Cessna firmed up its plans to build business jets in China by sealing a joint venture with China Aviation Industry General Aircraft Company Ltd. (Caiga) to assemble and sell Citation XLS+ twinjets for the Chinese market.
AINalerts » November 15, 2012
Charter operators might see pilots and fleets grounded because of a change made last year to the FAA Inspector’s Handbook. The handbook clarifies FAR 135.337 by stating: “Before an air carrier authorizes a contract instructor or nominates an individual to become a contract check airman, the air carrier must provide its POI [principal operations inspector] with evidence that these individuals have completed at least one air carrier’s initial training and qualification curriculum as a flight crewmember for an operator certificated under the same CFR part.”
After a dismal September, business aircraft flying rebounded last month, climbing 2.8 percent year-over-year, according to TraqPak data released this week by aviation services company Argus.
The data brought good news for the beleaguered Part 135 industry, with flying activity in this category segment leading the pack with a 9.7-percent increase last month. Part 91 flying rose 1.4 percent, while activity at the fractional providers fell 5 percent.
Business jet demand “remains weak, but is not getting much worse,” JPMorgan Investment Research noted in its latest business jet monthly report. This sentiment is reflected in its forecast of 2 percent growth in business jet deliveries for next year.
EASA has released a software evaluation report covering the use of Jeppesen apps running on Apple iPads used as electronic flight bags (EFBs). The report outlines a clear path for operators based in EASA’s jurisdiction to seek approval from local regulators for use of iPad EFBs with Jeppesen Mobile TC Pro and FliteDeck Pro apps.
Gulfstream Aerospace delivered its first super-midsize G280 yesterday, with the outfitted twinjet going to an unidentified “U.S.-based manufacturer with a worldwide presence spanning 190 countries.” The G280 received FAA and Civil Aviation Authority of Israel certification on August 30.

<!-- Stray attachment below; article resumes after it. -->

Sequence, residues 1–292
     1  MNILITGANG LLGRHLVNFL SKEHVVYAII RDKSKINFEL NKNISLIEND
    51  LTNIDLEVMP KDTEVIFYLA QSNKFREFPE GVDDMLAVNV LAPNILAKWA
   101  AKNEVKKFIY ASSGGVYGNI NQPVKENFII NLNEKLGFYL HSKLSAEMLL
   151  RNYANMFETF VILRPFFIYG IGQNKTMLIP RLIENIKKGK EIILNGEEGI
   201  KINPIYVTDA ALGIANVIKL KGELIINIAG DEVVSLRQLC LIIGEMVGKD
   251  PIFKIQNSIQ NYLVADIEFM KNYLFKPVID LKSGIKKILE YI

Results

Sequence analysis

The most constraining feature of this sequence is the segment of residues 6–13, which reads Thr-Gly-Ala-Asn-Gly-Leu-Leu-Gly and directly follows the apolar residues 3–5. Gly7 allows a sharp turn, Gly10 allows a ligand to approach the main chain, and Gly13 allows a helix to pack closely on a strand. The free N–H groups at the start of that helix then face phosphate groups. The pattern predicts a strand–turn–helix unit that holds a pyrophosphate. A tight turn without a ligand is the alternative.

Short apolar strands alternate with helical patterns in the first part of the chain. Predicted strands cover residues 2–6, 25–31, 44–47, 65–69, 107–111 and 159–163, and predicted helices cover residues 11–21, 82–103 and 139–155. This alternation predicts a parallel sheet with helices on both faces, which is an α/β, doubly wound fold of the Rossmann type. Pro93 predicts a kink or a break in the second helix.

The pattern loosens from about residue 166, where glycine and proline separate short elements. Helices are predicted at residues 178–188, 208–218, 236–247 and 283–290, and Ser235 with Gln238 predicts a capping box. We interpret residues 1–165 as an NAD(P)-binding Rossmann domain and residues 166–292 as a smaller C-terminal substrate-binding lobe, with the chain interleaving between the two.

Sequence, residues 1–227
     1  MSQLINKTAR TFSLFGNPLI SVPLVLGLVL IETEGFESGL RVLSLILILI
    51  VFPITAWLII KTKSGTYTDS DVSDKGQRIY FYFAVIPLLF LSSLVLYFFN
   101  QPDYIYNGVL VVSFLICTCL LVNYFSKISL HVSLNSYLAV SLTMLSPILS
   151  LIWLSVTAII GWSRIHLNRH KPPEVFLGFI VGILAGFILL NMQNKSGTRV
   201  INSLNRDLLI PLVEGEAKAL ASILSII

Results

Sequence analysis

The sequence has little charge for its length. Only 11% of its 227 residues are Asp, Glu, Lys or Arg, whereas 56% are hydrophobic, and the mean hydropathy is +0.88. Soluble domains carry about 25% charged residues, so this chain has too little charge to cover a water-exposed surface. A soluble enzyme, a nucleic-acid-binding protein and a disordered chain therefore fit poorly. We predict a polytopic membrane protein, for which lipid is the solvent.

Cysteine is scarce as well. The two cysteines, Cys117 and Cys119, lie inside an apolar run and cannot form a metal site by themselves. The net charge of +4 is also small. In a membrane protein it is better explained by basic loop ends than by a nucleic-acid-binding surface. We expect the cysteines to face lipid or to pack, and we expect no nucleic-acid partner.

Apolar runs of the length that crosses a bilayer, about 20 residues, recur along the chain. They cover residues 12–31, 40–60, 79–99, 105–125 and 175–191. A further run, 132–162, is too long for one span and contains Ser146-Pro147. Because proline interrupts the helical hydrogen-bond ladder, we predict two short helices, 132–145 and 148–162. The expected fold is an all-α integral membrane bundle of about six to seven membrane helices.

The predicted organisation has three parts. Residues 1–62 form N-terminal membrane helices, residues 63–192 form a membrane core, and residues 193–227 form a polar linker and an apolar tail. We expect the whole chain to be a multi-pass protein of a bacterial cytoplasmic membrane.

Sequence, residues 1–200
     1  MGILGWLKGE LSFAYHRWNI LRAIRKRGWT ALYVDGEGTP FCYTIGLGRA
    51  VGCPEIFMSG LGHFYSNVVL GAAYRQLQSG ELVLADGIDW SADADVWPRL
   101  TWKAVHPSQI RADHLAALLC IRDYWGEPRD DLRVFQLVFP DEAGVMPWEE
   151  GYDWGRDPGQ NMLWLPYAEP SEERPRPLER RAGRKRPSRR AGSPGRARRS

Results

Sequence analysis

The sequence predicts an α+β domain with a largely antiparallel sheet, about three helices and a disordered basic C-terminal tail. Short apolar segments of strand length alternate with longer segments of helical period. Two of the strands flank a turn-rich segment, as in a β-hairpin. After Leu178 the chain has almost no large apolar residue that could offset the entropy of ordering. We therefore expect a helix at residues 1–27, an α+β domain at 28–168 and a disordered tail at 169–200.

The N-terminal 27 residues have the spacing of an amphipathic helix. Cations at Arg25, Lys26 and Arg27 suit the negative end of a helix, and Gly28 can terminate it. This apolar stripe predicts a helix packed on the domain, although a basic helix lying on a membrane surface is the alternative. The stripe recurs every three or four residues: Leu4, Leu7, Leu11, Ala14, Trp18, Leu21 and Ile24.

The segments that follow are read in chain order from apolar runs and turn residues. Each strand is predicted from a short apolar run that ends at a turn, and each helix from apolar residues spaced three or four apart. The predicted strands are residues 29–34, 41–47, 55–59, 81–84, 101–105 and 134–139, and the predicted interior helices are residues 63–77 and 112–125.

The NTSB released its annual “Most Wanted” list of safety improvements yesterday, with only one change from last year. Fatigue was removed and replaced with “preserving the integrity of transportation infrastructure.” NTSB chairman Deborah Hersman said that changes to the list represent progress made, or acknowledge that there are other areas “ripe for change” in a given year. “We’re releasing the list now so it is available to policymakers at the state and federal levels, as well as industry groups, as they craft their priorities for 2013,” she explained.
Bombardier Learjet’s unionized employees in Wichita, members of the International Association of Machinists and Aerospace Workers (IAMAW), are back on the job after a five-week strike. Over the weekend, the Learjet production line workers voted to accept a proposed contract agreement, ending a strike that began on October 8.
Markus Bucher will take over as the new CEO and chairman of the executive board at Pilatus Aircraft, effective January 1. He will take over from Oscar Schwenk, who will remain as chairman of the board of directors. Bucher is a 25-year veteran at Pilatus, working in production logistics, sales and customer service and additional management experience in the company’s aircraft assembly and maintenance units. Schwenk will continue to head up the senior project management of the PC-24 twinjet program, Pilatus said.
Gulfstream Aerospace has established a satellite flight department in Hong Kong to support Gulfstream operators in Asia, the Savannah, Ga.-based aircraft manufacturer announced yesterday at Airshow China 2012 in Zhuhai. Five pilots–three large-cabin demonstration pilots, one mid-cabin demonstration pilot and a chief pilot–staff the office.
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